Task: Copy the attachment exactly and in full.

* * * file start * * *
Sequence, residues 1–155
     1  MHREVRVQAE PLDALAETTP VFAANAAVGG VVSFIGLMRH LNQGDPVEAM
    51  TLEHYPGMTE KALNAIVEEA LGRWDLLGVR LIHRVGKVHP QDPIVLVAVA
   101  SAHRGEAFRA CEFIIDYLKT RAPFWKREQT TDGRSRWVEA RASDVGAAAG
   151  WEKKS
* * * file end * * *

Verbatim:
Sequence, residues 1–155
     1  MHREVRVQAE PLDALAETTP VFAANAAVGG VVSFIGLMRH LNQGDPVEAM
    51  TLEHYPGMTE KALNAIVEEA LGRWDLLGVR LIHRVGKVHP QDPIVLVAVA
   101  SAHRGEAFRA CEFIIDYLKT RAPFWKREQT TDGRSRWVEA RASDVGAAAG
   151  WEKKS